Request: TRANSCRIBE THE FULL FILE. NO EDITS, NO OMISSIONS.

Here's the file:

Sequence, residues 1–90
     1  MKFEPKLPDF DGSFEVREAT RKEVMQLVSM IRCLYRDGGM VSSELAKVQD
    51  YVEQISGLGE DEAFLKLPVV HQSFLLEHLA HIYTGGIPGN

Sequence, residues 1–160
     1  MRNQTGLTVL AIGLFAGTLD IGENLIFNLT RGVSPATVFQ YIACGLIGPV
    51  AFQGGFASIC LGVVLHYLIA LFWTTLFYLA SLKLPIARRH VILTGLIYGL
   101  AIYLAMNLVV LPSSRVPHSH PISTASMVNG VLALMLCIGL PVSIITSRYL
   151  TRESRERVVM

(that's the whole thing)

Sequence, residues 1–90
     1  MKFEPKLPDF DGSFEVREAT RKEVMQLVSM IRCLYRDGGM VSSELAKVQD
    51  YVEQISGLGE DEAFLKLPVV HQSFLLEHLA HIYTGGIPGN

Sequence, residues 1–160
     1  MRNQTGLTVL AIGLFAGTLD IGENLIFNLT RGVSPATVFQ YIACGLIGPV
    51  AFQGGFASIC LGVVLHYLIA LFWTTLFYLA SLKLPIARRH VILTGLIYGL
   101  AIYLAMNLVV LPSSRVPHSH PISTASMVNG VLALMLCIGL PVSIITSRYL
   151  TRESRERVVM